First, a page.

(Image from xkcd.org)
Some people aren’t keen on wind turbines. The Daily Mail are amongst them, and they’ve turned to the US for what is presented as a salutary tale of where over-subsidising renewables can get you. They contend that many wind farms in the US were ‘abandoned’ after the 80s, when subsidies were scaled back, leaving the fledgling wind industry uneconomic.
The piece is a little vague about the numbers of turbines which have been ‘abandoned’, and the US after the oil shocks is presumably quite a different scenario to the present day UK, where onshore wind power is around cost-comparable to gas-powered electricity generation and probably remaining so in the future, and offshore wind costs are projected to fall.
However, the article finishes off with a warning about what it calls the ‘next generation’ of wind turbines:
“Who in their right mind would want any of the new generation of turbines – under EU plans, the turbines will be nearly 1,000ft tall (that’s six times the height of Nelson’s column) – rusting away in their backyard?”
1,000 feet sounds pretty tall. As far as we’re aware there are no 1,000 feet tall wind turbines, and even the biggest in common use are substantially smaller. According to RenewableUK, the average height of an onshore wind turbine in the UK – the kind that might theoretically be “in your backyard” – is 75m, or 246 feet. The tallest onshore turbine in the UK is 125m (or 410 feet).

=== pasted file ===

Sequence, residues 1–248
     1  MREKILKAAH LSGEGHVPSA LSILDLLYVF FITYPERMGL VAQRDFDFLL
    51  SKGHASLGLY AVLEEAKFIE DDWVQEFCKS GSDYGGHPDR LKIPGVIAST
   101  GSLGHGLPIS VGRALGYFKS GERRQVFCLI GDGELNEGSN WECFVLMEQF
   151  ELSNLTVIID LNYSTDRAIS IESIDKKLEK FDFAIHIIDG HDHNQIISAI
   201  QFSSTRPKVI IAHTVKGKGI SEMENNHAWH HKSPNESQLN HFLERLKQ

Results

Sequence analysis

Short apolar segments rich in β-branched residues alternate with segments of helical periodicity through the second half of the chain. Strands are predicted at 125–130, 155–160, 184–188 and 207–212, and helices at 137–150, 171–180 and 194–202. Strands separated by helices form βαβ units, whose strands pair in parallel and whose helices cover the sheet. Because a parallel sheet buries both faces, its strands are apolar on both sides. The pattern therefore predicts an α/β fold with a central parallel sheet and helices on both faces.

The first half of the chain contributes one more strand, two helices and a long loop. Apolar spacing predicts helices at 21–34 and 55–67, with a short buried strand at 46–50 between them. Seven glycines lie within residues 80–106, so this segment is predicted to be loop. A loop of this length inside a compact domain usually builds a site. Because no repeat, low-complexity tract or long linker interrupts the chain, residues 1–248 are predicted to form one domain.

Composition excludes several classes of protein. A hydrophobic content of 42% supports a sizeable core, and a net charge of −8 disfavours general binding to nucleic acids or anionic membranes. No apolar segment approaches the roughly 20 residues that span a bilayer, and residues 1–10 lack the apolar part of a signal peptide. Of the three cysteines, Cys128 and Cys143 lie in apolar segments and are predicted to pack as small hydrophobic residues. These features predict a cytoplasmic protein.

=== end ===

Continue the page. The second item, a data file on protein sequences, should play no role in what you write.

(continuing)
Offshore turbines get a bit bigger – the 3.6MW turbines at the newly-opened Walney wind farm are about 150m (492 feet) high, for example. But even if you read “backyard” as “the middle of the North sea”, the Mail’s number for ‘new generation’ turbines is more than twice as big as it should be.
Where does the number come from? As you may have guessed, it’s based on some heroic extrapolation of future trends. But is it a reasonable guide to where we’re going as wind power gets bigger and more technologically sophisticated?
It turns out that the 1,000 foot figure is taken from a “blue sky” EU-funded research project called UpWind, which examined the possibility of building dramatically bigger wind turbines – up to 20MW of power generating capacity – which would tower 1,000 feet high.
But it looks unlikely that they are going to be built any time soon, and they aren’t the “new generation” of turbines. The UpWind programme concluded:
This extrapolated virtual 20 MW design was unanimously assessed as almost impossible to manufacture, and uneconomic… The support structures able to carry such mass placed at 153 m height are not possible to mass manufacture today.
They suggested some technological developments that might make bigger turbines work, but we’re probably decades away from turbines on this scale. And, crucially, the UpWind project seems to have been examining the potential for bigger offshore wind turbines, presumably for the fairly obvious reason that 1,000 feet high wind turbines are likely to be fairly unpopular with (amongst others) certain sections of the Great British public.
So: 1,000 foot wind turbines? Maybe in twenty years, somewhere over towards Norway. But not in your backyard!